Strangers Chase Down A Thief
Wednesday - November 18, 2009
While walking to my car with a girlfriend and my 1-year-old son, I noticed a man holding two tote bags that looked like mine. As we approached my car, I saw that the window was shattered and immediately connected the two. Another girlfriend was parked below us, so I ran to her car, jumped in and we went after the thief. Sure enough, I saw the man still holding my bags and jumped out of the car to confront him. He quickly took off and I chased after him on Kapiolani Boulevard while talking to a 911 operator on my cell phone.
We ended up in an open parking lot and that’s where three men helped me detain this man until police officers arrived. I want to thank these three strangers who put themselves in danger. Someone also brought my bags back to me as the man dropped them as I was chasing him, and I want to thank this person as well.
I didn’t get the name of everyone who jumped in to help me. But I did get the names of Wally Lee, Tim Hayes and Scott Logsdon. When police arrived, all my “angels” quickly left and I was immediately escorted to my car, so I didn’t get to thank anyone at the scene.
I’m very happy that I got my things back, but I’m also happy that no one got hurt.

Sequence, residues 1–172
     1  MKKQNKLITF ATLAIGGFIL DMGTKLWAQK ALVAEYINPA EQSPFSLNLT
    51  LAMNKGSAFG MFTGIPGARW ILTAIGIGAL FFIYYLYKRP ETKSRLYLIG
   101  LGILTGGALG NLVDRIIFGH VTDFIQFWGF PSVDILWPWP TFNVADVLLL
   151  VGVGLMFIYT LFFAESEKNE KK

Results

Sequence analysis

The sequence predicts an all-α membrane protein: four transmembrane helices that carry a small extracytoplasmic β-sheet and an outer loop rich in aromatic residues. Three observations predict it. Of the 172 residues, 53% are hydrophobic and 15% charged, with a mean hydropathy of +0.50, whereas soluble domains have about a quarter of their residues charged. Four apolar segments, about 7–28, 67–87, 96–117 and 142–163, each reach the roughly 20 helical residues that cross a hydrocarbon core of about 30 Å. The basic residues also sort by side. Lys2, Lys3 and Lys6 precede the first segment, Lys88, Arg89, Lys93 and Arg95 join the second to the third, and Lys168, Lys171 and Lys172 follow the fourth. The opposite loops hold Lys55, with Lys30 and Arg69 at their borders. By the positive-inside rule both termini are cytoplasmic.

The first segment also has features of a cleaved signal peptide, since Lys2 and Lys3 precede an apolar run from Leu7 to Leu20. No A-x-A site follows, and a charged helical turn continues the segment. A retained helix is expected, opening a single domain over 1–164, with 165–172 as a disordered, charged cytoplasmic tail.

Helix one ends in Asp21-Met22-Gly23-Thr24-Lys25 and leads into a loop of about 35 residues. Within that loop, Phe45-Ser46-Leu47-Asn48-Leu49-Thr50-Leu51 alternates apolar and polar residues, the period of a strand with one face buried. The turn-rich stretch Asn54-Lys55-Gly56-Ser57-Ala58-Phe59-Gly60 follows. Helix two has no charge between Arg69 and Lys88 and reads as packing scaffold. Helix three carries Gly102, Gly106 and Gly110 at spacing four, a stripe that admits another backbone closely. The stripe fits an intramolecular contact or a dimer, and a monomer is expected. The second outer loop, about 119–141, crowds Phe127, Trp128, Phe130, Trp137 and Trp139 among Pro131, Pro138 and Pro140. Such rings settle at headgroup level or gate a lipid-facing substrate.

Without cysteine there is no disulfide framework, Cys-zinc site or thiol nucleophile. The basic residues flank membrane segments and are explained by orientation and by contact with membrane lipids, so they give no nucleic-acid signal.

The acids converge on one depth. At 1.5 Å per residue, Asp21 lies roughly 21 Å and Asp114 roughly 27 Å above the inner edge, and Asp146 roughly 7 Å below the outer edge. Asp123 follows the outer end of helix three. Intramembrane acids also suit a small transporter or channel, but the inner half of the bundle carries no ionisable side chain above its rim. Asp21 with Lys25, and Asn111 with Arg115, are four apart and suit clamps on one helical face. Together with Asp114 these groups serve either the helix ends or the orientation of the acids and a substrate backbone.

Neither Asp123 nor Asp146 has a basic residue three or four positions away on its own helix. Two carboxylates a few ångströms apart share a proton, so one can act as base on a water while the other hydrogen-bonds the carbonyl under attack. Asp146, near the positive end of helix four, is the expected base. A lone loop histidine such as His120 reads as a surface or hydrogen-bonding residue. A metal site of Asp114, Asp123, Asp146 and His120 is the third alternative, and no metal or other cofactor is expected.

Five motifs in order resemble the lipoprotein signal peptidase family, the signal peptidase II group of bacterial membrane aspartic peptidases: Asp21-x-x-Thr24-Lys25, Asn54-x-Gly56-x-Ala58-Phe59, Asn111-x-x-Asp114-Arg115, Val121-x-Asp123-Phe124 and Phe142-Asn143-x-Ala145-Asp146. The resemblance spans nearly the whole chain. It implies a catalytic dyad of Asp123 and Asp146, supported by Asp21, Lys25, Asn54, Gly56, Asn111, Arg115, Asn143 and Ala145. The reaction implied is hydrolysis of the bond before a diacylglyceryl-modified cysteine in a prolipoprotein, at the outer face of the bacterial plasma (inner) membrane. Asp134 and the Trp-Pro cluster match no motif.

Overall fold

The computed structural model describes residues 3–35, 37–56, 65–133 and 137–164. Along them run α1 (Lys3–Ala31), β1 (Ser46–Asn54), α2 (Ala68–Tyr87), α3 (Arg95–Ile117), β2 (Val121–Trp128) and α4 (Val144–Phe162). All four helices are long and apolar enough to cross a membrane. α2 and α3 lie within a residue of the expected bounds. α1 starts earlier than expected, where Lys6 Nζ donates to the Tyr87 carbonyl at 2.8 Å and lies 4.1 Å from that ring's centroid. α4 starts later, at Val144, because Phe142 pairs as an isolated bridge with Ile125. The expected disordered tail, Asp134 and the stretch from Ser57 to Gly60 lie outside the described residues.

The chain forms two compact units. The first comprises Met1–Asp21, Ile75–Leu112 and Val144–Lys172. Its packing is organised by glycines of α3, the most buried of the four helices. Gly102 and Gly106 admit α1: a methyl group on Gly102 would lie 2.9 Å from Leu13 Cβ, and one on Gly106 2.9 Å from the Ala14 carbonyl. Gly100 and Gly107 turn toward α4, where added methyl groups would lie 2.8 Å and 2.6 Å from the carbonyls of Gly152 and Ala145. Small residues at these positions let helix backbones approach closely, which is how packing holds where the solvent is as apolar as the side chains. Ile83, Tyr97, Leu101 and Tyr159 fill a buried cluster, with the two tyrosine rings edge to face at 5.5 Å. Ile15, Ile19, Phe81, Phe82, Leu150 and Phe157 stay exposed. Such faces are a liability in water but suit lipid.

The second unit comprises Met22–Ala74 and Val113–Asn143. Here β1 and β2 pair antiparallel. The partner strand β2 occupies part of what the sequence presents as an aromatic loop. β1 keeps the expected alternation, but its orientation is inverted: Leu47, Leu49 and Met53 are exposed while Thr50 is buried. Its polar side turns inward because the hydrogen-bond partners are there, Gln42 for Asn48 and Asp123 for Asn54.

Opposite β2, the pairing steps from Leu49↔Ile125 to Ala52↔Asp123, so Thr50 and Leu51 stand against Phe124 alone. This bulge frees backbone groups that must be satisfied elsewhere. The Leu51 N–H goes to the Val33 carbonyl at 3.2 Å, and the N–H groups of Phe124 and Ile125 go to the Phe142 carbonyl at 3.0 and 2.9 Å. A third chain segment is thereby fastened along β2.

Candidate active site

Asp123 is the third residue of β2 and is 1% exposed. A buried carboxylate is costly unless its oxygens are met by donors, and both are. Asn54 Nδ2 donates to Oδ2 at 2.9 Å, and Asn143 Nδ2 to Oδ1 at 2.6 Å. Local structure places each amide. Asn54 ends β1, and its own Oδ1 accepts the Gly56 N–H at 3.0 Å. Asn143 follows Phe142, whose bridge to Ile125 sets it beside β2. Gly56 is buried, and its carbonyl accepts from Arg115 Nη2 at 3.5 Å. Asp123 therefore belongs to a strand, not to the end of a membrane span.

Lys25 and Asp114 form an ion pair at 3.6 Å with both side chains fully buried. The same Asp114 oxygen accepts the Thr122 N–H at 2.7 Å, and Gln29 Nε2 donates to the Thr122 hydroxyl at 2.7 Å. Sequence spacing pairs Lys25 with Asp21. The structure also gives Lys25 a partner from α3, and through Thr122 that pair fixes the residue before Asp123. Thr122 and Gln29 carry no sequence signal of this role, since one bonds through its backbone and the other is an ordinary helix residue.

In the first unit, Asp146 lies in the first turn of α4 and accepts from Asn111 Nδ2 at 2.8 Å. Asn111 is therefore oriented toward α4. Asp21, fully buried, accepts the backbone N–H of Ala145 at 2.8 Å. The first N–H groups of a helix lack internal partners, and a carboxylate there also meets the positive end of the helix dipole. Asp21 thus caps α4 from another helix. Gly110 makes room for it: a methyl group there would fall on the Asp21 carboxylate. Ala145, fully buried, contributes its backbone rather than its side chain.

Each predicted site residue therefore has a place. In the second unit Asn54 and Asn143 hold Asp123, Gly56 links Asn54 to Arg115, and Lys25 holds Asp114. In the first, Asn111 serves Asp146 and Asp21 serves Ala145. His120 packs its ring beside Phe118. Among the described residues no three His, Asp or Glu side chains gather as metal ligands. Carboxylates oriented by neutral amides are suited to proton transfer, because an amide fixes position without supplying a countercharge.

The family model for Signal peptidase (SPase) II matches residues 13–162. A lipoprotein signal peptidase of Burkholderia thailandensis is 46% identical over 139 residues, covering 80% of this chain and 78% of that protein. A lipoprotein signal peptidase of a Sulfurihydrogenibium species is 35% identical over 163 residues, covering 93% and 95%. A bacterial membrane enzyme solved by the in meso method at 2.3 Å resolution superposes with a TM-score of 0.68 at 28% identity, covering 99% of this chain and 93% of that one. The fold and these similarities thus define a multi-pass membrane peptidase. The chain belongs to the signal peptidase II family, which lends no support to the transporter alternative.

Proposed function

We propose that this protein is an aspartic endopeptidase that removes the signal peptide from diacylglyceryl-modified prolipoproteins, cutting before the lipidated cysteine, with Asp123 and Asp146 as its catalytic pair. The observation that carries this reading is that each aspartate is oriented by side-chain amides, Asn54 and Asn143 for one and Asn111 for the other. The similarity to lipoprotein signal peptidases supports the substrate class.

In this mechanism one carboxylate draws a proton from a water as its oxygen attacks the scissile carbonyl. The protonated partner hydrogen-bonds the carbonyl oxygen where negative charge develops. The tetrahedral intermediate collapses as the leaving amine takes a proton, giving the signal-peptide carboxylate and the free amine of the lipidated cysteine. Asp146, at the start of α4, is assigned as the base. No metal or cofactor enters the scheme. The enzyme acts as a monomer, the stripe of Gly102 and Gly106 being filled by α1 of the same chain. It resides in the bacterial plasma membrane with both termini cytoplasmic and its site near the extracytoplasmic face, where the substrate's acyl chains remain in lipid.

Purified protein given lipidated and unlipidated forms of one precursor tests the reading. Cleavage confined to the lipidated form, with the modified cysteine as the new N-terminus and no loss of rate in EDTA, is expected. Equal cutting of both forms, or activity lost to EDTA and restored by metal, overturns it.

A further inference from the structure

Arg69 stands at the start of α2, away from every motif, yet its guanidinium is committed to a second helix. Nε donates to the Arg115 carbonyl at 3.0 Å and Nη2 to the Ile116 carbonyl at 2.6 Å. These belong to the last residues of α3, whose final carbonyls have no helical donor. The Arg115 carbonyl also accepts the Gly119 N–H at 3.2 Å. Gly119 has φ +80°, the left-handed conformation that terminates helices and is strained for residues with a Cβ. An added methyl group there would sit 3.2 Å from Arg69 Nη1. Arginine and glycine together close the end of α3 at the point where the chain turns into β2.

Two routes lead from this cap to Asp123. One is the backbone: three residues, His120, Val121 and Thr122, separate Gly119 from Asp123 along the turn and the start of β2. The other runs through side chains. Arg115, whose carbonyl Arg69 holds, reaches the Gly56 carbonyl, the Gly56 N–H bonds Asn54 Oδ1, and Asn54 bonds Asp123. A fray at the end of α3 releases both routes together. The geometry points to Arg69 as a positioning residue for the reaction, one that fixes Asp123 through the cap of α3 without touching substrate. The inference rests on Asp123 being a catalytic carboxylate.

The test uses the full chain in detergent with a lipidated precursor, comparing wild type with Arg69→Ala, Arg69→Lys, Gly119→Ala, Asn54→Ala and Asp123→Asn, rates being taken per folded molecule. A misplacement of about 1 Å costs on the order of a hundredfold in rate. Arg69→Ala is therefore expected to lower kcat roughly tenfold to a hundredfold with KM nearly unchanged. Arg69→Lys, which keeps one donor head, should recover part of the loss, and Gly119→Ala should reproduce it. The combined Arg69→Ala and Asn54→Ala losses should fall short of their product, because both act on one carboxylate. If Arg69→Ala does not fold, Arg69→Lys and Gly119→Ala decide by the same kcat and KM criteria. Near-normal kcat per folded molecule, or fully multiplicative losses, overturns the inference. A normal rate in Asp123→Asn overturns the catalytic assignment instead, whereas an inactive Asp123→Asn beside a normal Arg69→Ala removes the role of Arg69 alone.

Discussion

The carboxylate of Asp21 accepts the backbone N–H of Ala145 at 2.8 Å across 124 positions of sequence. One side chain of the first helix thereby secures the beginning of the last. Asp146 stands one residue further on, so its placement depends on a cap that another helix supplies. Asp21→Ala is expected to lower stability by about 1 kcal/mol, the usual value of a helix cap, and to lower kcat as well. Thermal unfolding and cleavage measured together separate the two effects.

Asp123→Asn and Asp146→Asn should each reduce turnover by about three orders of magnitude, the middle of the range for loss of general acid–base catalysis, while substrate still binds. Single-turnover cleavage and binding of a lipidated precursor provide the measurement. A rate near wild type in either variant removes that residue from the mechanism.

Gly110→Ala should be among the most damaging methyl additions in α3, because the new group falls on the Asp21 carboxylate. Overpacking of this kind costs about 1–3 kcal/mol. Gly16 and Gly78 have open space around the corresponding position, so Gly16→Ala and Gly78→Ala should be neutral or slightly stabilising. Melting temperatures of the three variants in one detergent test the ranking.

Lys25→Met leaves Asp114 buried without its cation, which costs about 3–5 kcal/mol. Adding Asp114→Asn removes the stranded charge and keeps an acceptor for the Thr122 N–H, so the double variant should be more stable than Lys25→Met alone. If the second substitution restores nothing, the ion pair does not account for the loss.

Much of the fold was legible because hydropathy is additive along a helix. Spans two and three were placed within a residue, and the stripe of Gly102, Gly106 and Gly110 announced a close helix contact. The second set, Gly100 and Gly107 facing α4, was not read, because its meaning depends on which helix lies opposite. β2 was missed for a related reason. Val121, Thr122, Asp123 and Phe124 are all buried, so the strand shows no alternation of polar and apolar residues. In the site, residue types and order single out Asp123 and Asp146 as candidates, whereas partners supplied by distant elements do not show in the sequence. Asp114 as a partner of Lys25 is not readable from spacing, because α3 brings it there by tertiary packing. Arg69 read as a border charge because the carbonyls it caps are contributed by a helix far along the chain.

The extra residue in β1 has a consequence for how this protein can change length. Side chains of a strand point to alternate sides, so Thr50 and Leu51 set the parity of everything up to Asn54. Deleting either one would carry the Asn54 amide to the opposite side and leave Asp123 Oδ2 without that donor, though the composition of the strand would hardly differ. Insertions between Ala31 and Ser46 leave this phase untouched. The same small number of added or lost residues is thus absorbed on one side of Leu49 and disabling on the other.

One of the pursuers gave chase even while disabled with congenital heart failure. Carpenter Tim Hayes is a former corrections officer for the state of Hawaii.
“I’m not the kind of guy who would ignore something like this,” says Tim. “I heard a woman scream, ‘Stop that man, he has my purse!‘I was riding my bike and saw the man running on Kapiolani toward Waikiki. I followed him when he ducked behind a store and grabbed his shirt. The two men chasing him caught up with us. I kicked him on his knee, twisted his arm behind his back and said, ‘You just ran into the wrong Republican!’”
I dropped my cell phone while walking near Mililani High School. I discovered it missing when I returned home. Before I could report it, my wife received a call on her cell phone from a nice lady at Waimalu T-Mobile. I believe her name was Sherri. She said that a lady found my phone and brought it to the nearest T-Mobile store, which is in Waimalu. Sherri checked to see whether the account was active and called us. The Good Samaritan declined to leave her name. I would like to thank the wonderful lady who found my phone and was nice enough to take it to Waimalu. I hope that I will be able to follow her example and do the same for someone in the future. And thank you, Sherri, for your prompt and courteous action. You certainly saved me a lot of worry.
“This happens now and then, and we always try to get the phones back to their owners,” says retail sales rep Sherri Cabastas, who’s been with the company for four years. “When people find the phones, I ask for their name and number so the owner will have the opportunity to thank them, but some people just want to do a good deed anonymously. For the owners, it’s such a relief to get a lost phone back. They are primarily concerned about their contacts being protected.”
(If you know someone who deserves some Applause, send your letters to Pamela Young, MidWeek Applause, KITV, 801 S. King St., Honolulu, HI, 96813 or e-mail firstname.lastname@example.org. Include your name, phone number and, if possible, the phone number of your “applaudee” so we can contact him or her.)
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